1

The SOAP XML document is also called the SOAP envelope.

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Application A

HTTP <SOAP> (Preferred by WS-I BP 1.0)

Application B

Internet/Intranet
SO AP >
Application C
TC P/I P< SO AP >

Figure 4–1

SOAP over HTTP, SMTP, and Raw TCP/IP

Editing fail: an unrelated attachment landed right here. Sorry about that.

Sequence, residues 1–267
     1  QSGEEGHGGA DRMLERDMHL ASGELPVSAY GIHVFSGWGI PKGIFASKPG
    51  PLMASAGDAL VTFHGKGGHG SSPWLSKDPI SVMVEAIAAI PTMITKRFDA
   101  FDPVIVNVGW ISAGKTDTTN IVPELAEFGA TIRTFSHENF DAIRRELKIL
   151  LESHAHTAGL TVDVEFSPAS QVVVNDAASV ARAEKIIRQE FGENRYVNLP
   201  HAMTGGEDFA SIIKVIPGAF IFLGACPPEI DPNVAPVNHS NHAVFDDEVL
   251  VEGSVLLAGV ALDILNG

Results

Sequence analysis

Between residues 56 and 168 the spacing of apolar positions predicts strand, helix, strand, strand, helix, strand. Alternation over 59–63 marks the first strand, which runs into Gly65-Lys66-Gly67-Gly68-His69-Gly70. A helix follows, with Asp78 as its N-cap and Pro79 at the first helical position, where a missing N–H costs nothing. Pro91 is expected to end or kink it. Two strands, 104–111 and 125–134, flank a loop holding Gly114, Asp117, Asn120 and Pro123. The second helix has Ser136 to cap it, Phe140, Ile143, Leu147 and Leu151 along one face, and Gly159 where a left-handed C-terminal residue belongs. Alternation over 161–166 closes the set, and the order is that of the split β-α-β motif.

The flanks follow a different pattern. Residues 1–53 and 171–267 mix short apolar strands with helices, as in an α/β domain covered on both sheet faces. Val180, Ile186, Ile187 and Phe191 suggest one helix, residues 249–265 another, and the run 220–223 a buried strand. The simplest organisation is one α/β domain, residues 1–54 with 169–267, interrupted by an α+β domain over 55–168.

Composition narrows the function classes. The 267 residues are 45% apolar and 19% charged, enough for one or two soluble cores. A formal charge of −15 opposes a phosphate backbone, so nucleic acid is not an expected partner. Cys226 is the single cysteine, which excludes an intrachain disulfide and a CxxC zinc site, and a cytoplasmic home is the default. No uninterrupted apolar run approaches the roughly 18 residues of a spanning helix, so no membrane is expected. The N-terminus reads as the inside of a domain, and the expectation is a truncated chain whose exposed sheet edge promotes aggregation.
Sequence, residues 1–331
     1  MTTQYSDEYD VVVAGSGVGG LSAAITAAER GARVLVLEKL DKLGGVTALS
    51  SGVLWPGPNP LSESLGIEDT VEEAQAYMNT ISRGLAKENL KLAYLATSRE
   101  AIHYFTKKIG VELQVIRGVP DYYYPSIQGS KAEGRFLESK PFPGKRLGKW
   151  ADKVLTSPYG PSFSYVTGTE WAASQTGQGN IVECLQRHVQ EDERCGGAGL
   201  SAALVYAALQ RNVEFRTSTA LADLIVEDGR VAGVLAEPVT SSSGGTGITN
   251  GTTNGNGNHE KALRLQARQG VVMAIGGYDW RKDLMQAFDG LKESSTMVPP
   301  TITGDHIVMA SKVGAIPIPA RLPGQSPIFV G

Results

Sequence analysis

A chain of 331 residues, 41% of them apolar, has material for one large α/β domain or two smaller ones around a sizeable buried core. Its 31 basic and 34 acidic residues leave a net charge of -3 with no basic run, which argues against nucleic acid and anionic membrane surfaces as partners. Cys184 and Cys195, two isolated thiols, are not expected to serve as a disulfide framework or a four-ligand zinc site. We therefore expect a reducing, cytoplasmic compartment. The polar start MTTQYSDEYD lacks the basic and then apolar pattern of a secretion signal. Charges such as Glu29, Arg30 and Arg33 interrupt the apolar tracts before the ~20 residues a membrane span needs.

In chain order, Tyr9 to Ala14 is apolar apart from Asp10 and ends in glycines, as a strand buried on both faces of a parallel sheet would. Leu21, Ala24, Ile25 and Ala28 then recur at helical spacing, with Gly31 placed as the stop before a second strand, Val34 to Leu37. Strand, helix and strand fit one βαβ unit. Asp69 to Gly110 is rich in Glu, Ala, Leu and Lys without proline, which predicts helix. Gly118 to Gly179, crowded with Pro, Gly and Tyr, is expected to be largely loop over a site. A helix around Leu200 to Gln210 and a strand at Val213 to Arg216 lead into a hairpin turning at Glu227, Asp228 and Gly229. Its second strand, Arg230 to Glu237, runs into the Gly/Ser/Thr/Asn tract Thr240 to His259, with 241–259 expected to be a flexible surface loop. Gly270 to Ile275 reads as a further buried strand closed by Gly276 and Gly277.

consumption. HTTP is just a convenient way of sending and receiving SOAP messages. SOAP messages can also be carried by e-mail using SMTP (Simple Mail Transfer Protocol) and by other network protocols, such as FTP (File Transfer Protocol) and raw TCP/IP (Transmission Control Protocol/Internet Protocol). At this time, however, the WS-I Basic Profile 1.0 sanctions the use of SOAP only over HTTP. Figure 4–1 illustrates how SOAP can be carried by various protocols between software applications on a network. Web services can use One-Way messaging or Request/Response messaging. In the former, SOAP messages travel in only one direction, from a sender to a receiver. In the latter, a SOAP message travels from the sender to the receiver, which is expected to send a reply back to the sender. Figure 4–2 illustrates these two forms of messaging. SOAP defines how messages can be structured and processed by software in a way that is independent of any programming language or platform, and thus facilitates interoperability between applications written in different programming languages and running on different operating systems. Of course, this is nothing new: CORBA IIOP and DCE RPC also focused on cross-platform interoperability. These legacy protocols were never embraced by the software industry as a whole, however, so they never became pervasive technologies. SOAP, on the other hand, has enjoyed